Rising mortgage stress sees more homes for sale
Mon 11 Mar 2024 by Gareth Kiernan in Housing

This opinion piece was first published on Stuff on 11 March 2024.

The stock of homes available for purchase on realestate.co.nz increased in February to its highest level since 2015, as more people listed their properties for sale. In the last five years, monthly new listing numbers onto the market have only been higher than February’s total on three occasions – two of which immediately followed the first COVID-19 lockdown in 2020.

Despite a modest rally in house sales volumes during the first half of 2023, softer demand since October last year suggests there are currently few buyers in the housing market, constrained by affordability challenges. With less intense demand for buying property, the increase in people wanting to sell their property clearly isn’t a response to improving demand conditions.

Instead, data from Centrix shows that an increasing proportion of mortgages are in arrears. Those in stress look like they might be starting to sell up before they’re pushed into a mortgagee sale. At 1.47% of mortgages, this figure is well above the 1% proportion of lending that prevailed during 2022. However, despite mortgage stress now being at its highest level since before COVID-19, it is not out of line with the levels of mortgages in arrears between 2017 and 2019.

Losing money by buying at the peak of the market

For people who bought during the pandemic housing boom, the source of that mortgage stress is clear. For a December 2020 house purchase with a mortgage fixed for three years at 2.8%, property owners refixing at the end of last year would have faced a lift in annual repayments of between $5,700 on the West Coast and almost $21,000 in Auckland. Comparable repayment increases for a person who bought at the end of 2021 and fixed for two years at 4.3% ranged between $4,900 per year on the West Coast and over $17,000 in Auckland.

Although the lift in repayments is bigger for purchasers in 2020, it is the people who bought when house prices peaked at the end of 2021 who are actually in the most awkward financial situation. For example, a 20% deposit on the median-priced house in Wellington in December 2021 was $198,000. Facing an increase in repayments of $1,100 per month, if that person was now forced to sell their property, they would be likely to only get about $46,000 of their money back after the remaining mortgage is repaid (and that loss ignores the $93,500 in mortgage payments they’ve also made over the last two years). The numbers are almost as stark in Auckland, with a $155,000 loss of capital and $121,000 of mortgage payments over the last two years.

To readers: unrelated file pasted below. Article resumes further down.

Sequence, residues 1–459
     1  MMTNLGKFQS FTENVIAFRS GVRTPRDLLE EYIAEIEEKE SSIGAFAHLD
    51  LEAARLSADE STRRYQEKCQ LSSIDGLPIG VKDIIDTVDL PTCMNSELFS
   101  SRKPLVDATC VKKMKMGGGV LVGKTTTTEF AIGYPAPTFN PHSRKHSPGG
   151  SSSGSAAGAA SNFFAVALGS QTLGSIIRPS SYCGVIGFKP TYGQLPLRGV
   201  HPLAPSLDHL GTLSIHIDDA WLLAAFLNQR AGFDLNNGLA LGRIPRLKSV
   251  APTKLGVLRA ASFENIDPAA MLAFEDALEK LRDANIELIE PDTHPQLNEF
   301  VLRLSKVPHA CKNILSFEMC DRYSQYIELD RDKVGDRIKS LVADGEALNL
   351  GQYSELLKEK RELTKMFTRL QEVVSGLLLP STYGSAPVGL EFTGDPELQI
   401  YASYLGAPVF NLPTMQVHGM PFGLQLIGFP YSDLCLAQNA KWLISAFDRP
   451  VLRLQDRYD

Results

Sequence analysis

Only buyers in Otago, Southland, Canterbury, and Taranaki could expect to recover their original deposit from two years ago if they couldn’t meet their mortgage repayments and were forced to sell now.

Time for investors to cash up?

A less obvious dynamic in the housing market is the effect of the brightline test on investor behaviour. Labour’s extension of the brightline test from two years to five years in April 2018 meant that any investor who had purchased a property after that date was unable to sell it during the 2021 boom without facing a substantial capital gains tax bill. In our view, this restriction was instrumental in preventing a bigger decline in house prices during 2022 and into 2023. Rather than selling to realise the capital gains of the previous few years, thereby boosting the number of homes for sale and adding to the downward pressure on prices, many investors chose to stay in the market for the longer haul and suck up any decline in values as the market slowed.

Any investment property purchases from 2018 are now beyond the five-year threshold and can be sold without attracting capital gains. With mortgage rates at their highest level since 2008, some investors are likely to be under pressure and looking to sell – thereby contributing to the increasing supply of properties coming onto the market.

Hindsight is a wonderful thing, but it’s interesting to compare the capital gains for a sale now, five years after purchase, with the after-tax profit that would have been made on the same property if sold at the end of 2021. Across most regions, the decision to hold for another two years and ride out the market downturn was the right one, with the capital gains tax bill in 2021 proving to be larger than the subsequent house price fall (these calculations ignore operating costs and revenue in the meantime, such as rental income, mortgage payments, insurance, and rates). But for five regions, and most prominently for Auckland and Wellington, selling two years ago would have been better than trying to unload property now.

High seller numbers to limit house price recovery

With the Reserve Bank’s recent Monetary Policy Statement reiterating that interest rate cuts are still some time away, and with more investor properties ticking past the five-year brightline threshold this year, we expect the supply of homes for sale to keep increasing throughout 2024. Homeowners will continue to roll off lower fixed mortgage rates as well, leading to an increasing amount of mortgage stress. But buyers will remain limited – affordability constraints mean that a new buyer would need to spend almost 50% of their average household income on first-year mortgage repayments, something many might be unable to afford. Even if record high net migration results in some pick-up in buyer numbers this year, conditions look set to remain unfavourable for any substantial lift in house prices during 2024.

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